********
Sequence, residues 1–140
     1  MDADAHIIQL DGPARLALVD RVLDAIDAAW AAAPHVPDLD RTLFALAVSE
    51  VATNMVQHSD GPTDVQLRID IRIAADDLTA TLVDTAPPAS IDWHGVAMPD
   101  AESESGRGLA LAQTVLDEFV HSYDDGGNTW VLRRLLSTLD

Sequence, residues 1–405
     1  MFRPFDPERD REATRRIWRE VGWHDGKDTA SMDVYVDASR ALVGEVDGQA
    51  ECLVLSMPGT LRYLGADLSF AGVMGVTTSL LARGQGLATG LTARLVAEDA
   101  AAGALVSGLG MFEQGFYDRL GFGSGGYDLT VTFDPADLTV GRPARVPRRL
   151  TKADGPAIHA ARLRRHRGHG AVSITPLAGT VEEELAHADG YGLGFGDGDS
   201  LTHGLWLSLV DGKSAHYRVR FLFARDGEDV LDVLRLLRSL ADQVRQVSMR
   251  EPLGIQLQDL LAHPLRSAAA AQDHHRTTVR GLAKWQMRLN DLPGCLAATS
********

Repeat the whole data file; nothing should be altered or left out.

Sequence, residues 1–140
     1  MDADAHIIQL DGPARLALVD RVLDAIDAAW AAAPHVPDLD RTLFALAVSE
    51  VATNMVQHSD GPTDVQLRID IRIAADDLTA TLVDTAPPAS IDWHGVAMPD
   101  AESESGRGLA LAQTVLDEFV HSYDDGGNTW VLRRLLSTLD

Sequence, residues 1–405
     1  MFRPFDPERD REATRRIWRE VGWHDGKDTA SMDVYVDASR ALVGEVDGQA
    51  ECLVLSMPGT LRYLGADLSF AGVMGVTTSL LARGQGLATG LTARLVAEDA
   101  AAGALVSGLG MFEQGFYDRL GFGSGGYDLT VTFDPADLTV GRPARVPRRL
   151  TKADGPAIHA ARLRRHRGHG AVSITPLAGT VEEELAHADG YGLGFGDGDS
   201  LTHGLWLSLV DGKSAHYRVR FLFARDGEDV LDVLRLLRSL ADQVRQVSMR
   251  EPLGIQLQDL LAHPLRSAAA AQDHHRTTVR GLAKWQMRLN DLPGCLAATS